Persistent expression of the α1S-dihydropyridine receptor in aged human skeletal muscle: Implications for the excitation-contraction uncoupling hypothesis of sarcopenia
Previous studies on aged animal muscle suggest that excitation-contraction uncoupling and fibre transitions play a central role in sarcopenia, the progressive loss and functional decline of aging skeletal muscle fibres. A drastic reduction in the voltage-sensing α1S-subunit of the transverse-tubular dihydropyridine receptor is believed to be the underlying cause for a decreased transmission of the surface depolarization signal into Ca2+-mediated muscle contraction. Extending these studies to human muscle, we asked whether potential changes in the relative expression of the voltage sensor occur in senescent human fibres. For internal standardization and as markers of potential fast-to-slow transitions, the fast isoforms of the Ca2+-binding element calsequestrin and the myosin heavy chain were employed. Besides small inter-individual variations in expression levels, the microsomal immunoblot analysis of vastus lateralis autopsy specimens from male humans aged 18 to 82 years of age showed no major changes in the relative abundance of the α1S- and α2-dihydropyridine receptor, fast calsequestrin and the slow/fast myosin heavy chains. The oligomeric status of the α1S-dihydropyridine receptor was unaltered in aged fibres. Biochemical assays revealed no significant modifications in Ca2+-ATPase activity and a reduced Ca2+-binding capacity in aged human muscle preparations. Although impairments of other Ca2+-regulatory proteins and/or disturbed protein-protein interactions might be involved in the pathophysiological changes of sarcopenia, dihydropyridine receptor and calsequestrin expression seem to be preserved during the aging process of human skeletal muscle fibres. Hence, the supposition that excitation-contraction uncoupling is responsible for sarcopenia can not be transferred from animal models to senescent human muscle without modifications.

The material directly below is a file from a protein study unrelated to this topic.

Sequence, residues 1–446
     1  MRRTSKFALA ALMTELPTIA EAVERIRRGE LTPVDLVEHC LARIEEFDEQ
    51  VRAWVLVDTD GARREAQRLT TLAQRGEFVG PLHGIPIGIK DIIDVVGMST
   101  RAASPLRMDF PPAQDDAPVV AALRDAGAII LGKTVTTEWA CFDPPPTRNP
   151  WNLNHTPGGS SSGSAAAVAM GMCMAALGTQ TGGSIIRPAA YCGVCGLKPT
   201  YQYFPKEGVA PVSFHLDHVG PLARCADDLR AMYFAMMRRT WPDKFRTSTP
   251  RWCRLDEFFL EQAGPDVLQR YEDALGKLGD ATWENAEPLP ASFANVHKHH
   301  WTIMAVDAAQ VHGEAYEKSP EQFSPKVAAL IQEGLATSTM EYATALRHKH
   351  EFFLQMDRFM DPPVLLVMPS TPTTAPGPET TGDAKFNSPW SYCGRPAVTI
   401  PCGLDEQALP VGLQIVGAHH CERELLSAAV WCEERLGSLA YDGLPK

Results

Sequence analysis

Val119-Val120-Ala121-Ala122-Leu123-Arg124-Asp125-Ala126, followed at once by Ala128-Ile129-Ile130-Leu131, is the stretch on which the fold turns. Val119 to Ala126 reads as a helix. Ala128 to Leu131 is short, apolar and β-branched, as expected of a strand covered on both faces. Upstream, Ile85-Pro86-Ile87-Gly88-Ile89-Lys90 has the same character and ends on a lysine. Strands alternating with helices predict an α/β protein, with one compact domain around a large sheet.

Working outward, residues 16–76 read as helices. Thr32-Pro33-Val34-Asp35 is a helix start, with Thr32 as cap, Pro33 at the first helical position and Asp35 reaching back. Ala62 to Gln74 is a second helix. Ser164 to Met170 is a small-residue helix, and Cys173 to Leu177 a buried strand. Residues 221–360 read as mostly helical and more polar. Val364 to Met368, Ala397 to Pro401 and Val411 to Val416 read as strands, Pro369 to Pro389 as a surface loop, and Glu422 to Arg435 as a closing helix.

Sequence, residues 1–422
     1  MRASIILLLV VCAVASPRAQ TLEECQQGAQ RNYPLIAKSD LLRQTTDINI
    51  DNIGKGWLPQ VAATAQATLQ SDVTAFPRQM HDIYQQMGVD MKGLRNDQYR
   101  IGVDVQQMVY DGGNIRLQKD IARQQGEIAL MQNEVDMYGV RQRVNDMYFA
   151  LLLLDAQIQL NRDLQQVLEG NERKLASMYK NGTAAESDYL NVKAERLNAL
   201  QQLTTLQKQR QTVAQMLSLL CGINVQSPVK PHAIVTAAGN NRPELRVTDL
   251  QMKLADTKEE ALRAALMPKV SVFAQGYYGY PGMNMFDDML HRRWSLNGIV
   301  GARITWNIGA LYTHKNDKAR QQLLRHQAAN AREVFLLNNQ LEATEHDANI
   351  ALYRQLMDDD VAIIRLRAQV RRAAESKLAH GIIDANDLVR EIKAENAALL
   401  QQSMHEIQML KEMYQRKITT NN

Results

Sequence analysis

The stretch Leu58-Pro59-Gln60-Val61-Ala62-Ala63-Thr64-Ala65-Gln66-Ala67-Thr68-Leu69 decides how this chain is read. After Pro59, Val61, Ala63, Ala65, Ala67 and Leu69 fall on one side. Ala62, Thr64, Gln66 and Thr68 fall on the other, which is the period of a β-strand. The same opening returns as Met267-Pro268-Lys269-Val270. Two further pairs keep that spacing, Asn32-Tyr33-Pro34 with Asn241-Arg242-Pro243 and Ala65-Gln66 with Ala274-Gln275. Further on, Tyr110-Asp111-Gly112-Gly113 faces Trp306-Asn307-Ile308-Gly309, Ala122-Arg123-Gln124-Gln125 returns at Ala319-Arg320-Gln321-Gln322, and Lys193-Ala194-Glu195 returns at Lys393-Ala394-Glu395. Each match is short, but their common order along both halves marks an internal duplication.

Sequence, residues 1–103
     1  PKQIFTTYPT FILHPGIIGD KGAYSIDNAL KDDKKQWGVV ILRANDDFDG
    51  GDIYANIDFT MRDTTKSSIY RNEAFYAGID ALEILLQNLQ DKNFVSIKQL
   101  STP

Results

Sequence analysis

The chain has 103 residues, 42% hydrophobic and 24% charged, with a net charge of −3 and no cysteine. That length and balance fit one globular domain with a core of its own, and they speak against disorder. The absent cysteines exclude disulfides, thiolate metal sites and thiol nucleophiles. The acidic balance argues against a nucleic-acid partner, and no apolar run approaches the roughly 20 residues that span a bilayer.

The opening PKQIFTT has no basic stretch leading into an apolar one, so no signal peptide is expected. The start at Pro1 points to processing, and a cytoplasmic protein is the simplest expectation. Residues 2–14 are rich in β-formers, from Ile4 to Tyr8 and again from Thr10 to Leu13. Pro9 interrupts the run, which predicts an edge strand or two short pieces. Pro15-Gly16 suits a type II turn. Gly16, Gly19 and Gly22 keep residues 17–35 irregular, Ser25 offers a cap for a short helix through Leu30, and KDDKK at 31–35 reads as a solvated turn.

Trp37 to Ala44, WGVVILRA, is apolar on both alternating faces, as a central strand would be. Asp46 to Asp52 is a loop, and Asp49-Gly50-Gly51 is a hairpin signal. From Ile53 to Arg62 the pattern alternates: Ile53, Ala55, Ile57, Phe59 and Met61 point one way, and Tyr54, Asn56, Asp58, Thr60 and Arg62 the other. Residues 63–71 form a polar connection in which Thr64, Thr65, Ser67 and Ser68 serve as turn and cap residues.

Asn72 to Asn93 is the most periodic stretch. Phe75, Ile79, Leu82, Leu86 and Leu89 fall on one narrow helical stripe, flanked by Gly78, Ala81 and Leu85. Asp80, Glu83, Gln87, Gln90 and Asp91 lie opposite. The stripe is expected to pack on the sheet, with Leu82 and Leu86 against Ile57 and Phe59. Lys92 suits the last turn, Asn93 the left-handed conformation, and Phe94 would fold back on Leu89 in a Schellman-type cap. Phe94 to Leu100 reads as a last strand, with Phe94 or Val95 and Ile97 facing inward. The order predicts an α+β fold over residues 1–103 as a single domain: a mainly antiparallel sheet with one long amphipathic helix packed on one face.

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Document Type: Research Article
Affiliations: Department of Pharmacology, University College Dublin, Belfield, Dublin 4, Ireland
Publication date: January 1, 2003
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- The International Journal of Molecular Medicine is a monthly, peer-reviewed journal devoted to the publication of high quality studies related to the molecular mechanisms of human disease. The journal welcomes research on all aspects of molecular and clinical research, ranging from biochemistry to immunology, pathology, genetics, human genomics, microbiology, molecular pathogenesis, molecular cardiology, molecular surgery and molecular psychology.
The International Journal of Molecular Medicine aims to provide an insight for researchers within the community in regard to developing molecular tools and identifying molecular targets for the diagnosis and treatment of a diverse number of human diseases.
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